SURELY NO composer was more beloved during his own time that the Hungarian-born Karl Goldmark (1830-1915), whose long life say the birth and death of such figures as Brahmas, Joachim, Dvorak, Mahler, Tchaikovsky, Bizet, Mussorgsky, Rimsky-Korsakov, Borodin, Albeniz and Chausson. Goldmark's music is seldom performed nowadays; but when we do hear the Violin Concerto in A Minor or the endearing "Rustic Wedding" Symphony, we can only wonder why we don't hear more -- and hear it more often.
One of the few other pieces we are likely to encounter -- and thus on records rather than in the concert halls -- is the Baler Music from Act III of this opera "The Queen of Sheba," which, like the "Rustic Wedding," demonstrates his craftmanship, his imaginativeness, his flair, his tast, and his gift for coming up with good tunes. There is a story, probably true, of a woman turning to Brahms during a performance of "The Queen of Sheba" to ask if a certain aria wasn't a folk song, and of Brahms having replied: "Not yet, madame, but it may become one."
Goldman wrote "The Queen of Sheba" during the 1860s. A grand march with chorus from this work was performed in Vienna in January 1874, in a memorable concert in which Liszt performed as soloist in two of his own works and the 40-year-old Brahms conducted a choral piece by Bach. The premiere of the opera took place in Vienna the following year, and just 10 years after that the work was given at the Met. It has not held the boards in our country, cut in continues to be performed in Europe and had an extended run in Israel a few years ago. Now it has been recorded in full for the first time, in a fine Hungarian State Opera performance conducted by Adam Fischer, in a four-disc Hungaroton set (SLPX-12179/12182) that could be one of this year's "sleepers."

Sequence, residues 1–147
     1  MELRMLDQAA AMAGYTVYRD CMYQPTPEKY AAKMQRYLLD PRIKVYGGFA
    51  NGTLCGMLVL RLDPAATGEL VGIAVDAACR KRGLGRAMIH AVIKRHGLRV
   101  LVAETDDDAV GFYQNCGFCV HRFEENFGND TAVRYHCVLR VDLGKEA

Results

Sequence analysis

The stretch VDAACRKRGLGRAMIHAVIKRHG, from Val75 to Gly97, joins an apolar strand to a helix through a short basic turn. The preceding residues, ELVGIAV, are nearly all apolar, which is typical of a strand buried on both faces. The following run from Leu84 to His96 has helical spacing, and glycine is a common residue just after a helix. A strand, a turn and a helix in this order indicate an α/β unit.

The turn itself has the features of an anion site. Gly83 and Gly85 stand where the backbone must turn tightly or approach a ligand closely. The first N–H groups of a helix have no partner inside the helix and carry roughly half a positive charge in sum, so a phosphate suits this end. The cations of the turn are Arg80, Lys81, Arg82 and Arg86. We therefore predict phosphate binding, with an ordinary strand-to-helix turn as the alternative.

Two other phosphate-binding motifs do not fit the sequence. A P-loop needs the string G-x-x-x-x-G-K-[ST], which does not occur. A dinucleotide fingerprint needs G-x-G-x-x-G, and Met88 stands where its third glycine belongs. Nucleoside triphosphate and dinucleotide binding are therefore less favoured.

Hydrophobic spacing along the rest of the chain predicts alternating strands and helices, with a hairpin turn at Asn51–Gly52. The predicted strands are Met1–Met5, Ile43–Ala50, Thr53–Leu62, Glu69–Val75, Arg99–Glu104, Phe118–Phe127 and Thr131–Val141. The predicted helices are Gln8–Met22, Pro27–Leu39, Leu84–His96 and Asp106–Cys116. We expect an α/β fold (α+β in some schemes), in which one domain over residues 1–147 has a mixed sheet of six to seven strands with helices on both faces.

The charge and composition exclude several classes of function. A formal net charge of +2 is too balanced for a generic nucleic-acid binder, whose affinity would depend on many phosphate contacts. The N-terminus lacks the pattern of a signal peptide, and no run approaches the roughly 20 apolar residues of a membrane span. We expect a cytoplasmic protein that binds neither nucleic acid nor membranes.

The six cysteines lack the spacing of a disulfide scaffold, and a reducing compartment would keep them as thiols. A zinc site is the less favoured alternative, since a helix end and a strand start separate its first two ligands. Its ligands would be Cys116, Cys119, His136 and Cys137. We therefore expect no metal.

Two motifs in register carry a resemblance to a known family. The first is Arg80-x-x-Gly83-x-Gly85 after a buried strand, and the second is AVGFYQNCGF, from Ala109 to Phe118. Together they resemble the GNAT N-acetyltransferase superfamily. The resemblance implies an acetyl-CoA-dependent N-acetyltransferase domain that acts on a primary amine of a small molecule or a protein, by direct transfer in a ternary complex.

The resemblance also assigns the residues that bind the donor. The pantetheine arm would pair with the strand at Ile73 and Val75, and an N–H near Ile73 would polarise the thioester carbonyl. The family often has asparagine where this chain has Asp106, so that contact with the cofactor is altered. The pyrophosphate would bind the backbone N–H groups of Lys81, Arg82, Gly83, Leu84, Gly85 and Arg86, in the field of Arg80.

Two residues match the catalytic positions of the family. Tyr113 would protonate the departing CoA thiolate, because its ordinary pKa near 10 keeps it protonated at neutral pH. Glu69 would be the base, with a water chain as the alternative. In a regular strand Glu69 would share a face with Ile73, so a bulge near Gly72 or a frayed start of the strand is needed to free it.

This four-act work is a very grand opera, with a good deal of pagentry, extended ballet sequences, powerful marches and choruses, and more than a few striking arias. And what substance the music has! Goldmark apparently managed to write it without being drawn to imitate either Wagner or the celebrated Italian master to any meaningful degree. The style is entirely his own, in its soaring themes, its sumptuous colors, its thoroughgoing musicality. One may hear an occasional pre-echo of "Aida" (completed just after this work), of "Salome," and even of Carl Orff's "Carmina Burana" -- which is not to suggest that any of those works was composed under Goldmark's influence, but simply that he was looking forward as much as backward.
There are really no dull patches, and nowhere does the continuity sag; the work is quite a discovery. The title role is very impressively sung by mezzo-soprano Klara Takacs. The leading male role is not that of King Solomon (impressively sung by basso Sandor Soyom Nagy), but that of his court favorite, Assad, who abandons his fiancee Shulamith (Veronika Kincses, soprano), literally leaving her at the altar, out of infatuation with the queen. Assad is sung by the one non-Hungarian in the cast, the splendid German tenor Siegfried Jerusalem, whose name may or may not have suggested him as an especially apt candidate for the role, but who is, in any event, all one could ask, both musically and dramatically.
Every role is sung with eloquence and conviction. The Hungarian State Opera chorus is augmented by the Hungarian Army Male Chorus and the "Jeunesses Musicales" Chorus, and all of these bodies, together with the orchestra, are in fine shape. Adam Fischer, from the evidence here, is a major conducting talent; he is only 31 or 32 now, has been conducting for both the Bavarian and Vienna State Operas, and will preside over the San Francisco Opera's "Don Giovanni" this summer.